Posted on: www.dailyguideghana.com
By William Yaw Owusu
Friday, December 04, 2015
The New Patriotic Party (NPP) has accused the National Democratic Congress (NDC) government of collapsing the agricultural sector which is supposed to be the backbone of the economy.
The NPP has observed that agriculture is stagnating and has since 2008 underperformed as figures have shown that the government is not interested in developing the sector.
The party’s vice presidential candidate, Dr. Mahamudu Bawumia, at a media briefing on Wednesday in response to the 2016 budget statement presented to parliament recently by the NDC government through the Finance Minister, said the sector is almost non-existent under the NDC government.
“Real growth in agriculture tumbled from 7.4% in 2008 to 7.2% in 2009 through 5.3% in 2010; 0.8% in 2011; 2.3% in 2012; 5% in 2013; 4.6 in 2014 and now the rock-bottom figure of 0.04% in 2015. Indeed, the crops sub-sector, the dominant factor in agriculture, experienced a negative growth rate, i.e. -1.7%.
“In 2014 only 1.07% of total budgeted allocation went to agriculture, out of the total of GH¢44 billion budget figure. For 2015 only GH¢484.3 million, equivalent to 1.1%, is allocated to the two ministries of Food and Agriculture, and Fisheries and Aquaculture Development,” he said.
According to Dr Bawumia, a renowned economist, the reason why agriculture is not doing well is because of what he called “the paltry budgetary allocation to the sector.”
He noted, “In 2009, 3% of the entire budget was allocated to agriculture. It climbed down to 1.9% in 2012 and 1.03% in 2013. In 2016 the total budget figure is GH¢50 billion and the allocations to the two ministries of Food and Agriculture, and Fish and Aquaculture sums up to GH¢554,208,420 which is equivalent to 1.1% of the entire budget.
“All these paltry allocations have been made against the background of the Maputo Declaration, which provides that governments in Africa must invest at least 6% of their annual budgets in agriculture.”
Dr. Bawumia said that currently, the government had not invested enough in fertilizer and other inputs; agricultural extension services, agricultural mechanization and youth in agriculture and block farming programmes had been heavily politicized while the buffer stock projects lacked cash injection.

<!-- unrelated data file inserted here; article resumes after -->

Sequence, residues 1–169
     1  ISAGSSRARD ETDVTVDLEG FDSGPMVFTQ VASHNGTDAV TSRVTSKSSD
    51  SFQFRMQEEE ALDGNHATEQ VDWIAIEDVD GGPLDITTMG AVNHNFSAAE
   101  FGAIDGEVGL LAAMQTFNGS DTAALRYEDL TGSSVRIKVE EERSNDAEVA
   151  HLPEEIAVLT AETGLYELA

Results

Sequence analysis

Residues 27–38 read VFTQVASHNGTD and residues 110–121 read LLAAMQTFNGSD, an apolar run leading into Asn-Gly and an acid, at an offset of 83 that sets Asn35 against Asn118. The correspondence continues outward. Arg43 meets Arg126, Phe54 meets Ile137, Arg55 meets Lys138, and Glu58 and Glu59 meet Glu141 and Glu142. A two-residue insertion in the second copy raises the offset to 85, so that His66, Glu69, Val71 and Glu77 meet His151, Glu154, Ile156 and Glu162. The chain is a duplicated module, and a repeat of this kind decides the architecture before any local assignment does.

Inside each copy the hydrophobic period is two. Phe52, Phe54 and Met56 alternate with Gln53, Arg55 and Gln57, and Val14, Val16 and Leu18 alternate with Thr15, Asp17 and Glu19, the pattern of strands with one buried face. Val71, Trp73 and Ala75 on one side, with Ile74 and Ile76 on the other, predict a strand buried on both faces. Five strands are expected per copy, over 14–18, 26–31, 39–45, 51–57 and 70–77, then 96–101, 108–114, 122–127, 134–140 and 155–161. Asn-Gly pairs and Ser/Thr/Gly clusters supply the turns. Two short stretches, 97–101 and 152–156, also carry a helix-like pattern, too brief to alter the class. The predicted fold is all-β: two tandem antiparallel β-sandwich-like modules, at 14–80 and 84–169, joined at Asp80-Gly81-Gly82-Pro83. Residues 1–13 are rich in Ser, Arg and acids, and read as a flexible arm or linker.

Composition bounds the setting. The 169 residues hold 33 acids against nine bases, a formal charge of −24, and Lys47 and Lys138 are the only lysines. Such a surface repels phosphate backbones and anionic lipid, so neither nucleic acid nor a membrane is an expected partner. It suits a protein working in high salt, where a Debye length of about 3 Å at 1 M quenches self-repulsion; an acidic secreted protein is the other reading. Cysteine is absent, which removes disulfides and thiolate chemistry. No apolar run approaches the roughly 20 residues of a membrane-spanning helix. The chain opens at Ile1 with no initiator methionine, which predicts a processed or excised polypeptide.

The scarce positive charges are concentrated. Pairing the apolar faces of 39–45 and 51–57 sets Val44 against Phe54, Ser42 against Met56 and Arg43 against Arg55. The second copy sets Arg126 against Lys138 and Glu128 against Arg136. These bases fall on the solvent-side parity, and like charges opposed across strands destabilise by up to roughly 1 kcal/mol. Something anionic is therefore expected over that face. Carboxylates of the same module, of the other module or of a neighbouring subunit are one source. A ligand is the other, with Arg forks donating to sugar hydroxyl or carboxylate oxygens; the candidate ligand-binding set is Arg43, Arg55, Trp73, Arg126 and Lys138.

“The stagnation in agriculture found expression in the importation of $1.5 billion of food stuff into the country in 2014 against a food import bill of $600 million in 2008. The import of fish, poultry, tomatoes, cooking oil, has all doubled between 2008 and 2015.
“The production of basic food staples (cereals, legumes, roots and tubers) has all been stagnating. The huge yearly vacillations in outputs and the rising imports of rice from 395,400 metric tonnes in 2008 to 543,465 metric tonnes in 2011 and over 600,000 tonnes in 2013 for which alone the nation spent $374 million (Ref. Pg. 11 of 2014 State of the Nation Address) testify to the escalating food insecurity in the country.”
He said Ghana is on the brink of “serious shortages in the supply of maize, a major staple,” adding, “In 2012, crops grew at 0.8%; in 2015 crop was projected to grow at 5.8%, later reviewed to 4.1%. It grew at 1.7% which was 141.5% short of what was anticipated to be produced.”
Dr Bawumia noted that production of meat and fish had not seen much growth while fish production grew by 5.7% in 2013 but experienced negative growth of 5.6% in 2014 - that is almost 200% short of what was anticipated and that is why in 2015 the target growth was set at a modest 1.9%.
“There has been a steady increase in the importation of livestock and poultry products: from 128,000 metric tonnes in 2008, to 139,000 tonnes in 2011, $170 million in 2013 and $283 million on imported fish.”
Dr. Bawumia also said that there is steady and consistent decline in cocoa production since 2010/2011 and added, “It is a reflection of both misguided policies and poor implementation of projects pursued by the NDC administration.”
He said that “In spite of the pressing needs of the farmers, the NDC government has not adopted adequate measures to reduce the burden of Ghanaian farmers, contrary to the rhetoric and propaganda.”
“Lack of focus of agricultural policy is reflected in misplaced emphasis on window-dressing schemes such as the Youth in Agriculture, Block Farming and the infamous Guinea fowl and afforestation projects of the Savannah Accelerated Development Authority (SADA).”
He lamented, “What is worrisome is the corrupt management of these projects which has resulted in huge financial losses to the State and the Ghanaian taxpayer.”